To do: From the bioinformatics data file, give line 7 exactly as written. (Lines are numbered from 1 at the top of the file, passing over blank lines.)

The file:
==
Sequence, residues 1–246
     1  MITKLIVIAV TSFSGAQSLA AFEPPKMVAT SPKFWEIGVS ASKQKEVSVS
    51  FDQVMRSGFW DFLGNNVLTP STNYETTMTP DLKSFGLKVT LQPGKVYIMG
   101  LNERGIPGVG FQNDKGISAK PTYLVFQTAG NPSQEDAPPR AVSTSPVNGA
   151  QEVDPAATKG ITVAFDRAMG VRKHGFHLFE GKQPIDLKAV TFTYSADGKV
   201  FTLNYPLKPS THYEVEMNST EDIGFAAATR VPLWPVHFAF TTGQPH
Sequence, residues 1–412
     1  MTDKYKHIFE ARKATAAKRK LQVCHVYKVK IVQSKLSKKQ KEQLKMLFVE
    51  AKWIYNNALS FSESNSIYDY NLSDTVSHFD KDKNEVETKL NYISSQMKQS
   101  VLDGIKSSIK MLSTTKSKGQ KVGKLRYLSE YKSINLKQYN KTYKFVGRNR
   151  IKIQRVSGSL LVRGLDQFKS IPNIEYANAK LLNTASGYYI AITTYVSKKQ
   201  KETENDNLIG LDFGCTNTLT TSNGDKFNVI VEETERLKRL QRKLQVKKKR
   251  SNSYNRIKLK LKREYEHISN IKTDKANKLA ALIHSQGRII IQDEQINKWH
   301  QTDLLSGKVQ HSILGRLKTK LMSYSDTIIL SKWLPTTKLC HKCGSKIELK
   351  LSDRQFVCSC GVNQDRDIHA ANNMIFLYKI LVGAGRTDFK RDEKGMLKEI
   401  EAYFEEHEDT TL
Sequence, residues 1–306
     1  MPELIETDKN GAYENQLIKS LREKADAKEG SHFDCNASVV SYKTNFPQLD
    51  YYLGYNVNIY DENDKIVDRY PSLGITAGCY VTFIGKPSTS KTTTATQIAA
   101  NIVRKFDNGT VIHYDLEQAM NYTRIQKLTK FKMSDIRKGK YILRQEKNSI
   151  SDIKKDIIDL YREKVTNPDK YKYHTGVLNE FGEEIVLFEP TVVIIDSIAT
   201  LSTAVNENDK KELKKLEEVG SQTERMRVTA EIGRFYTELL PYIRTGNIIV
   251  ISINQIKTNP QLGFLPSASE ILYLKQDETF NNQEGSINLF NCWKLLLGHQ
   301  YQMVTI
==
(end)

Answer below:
Sequence, residues 1–412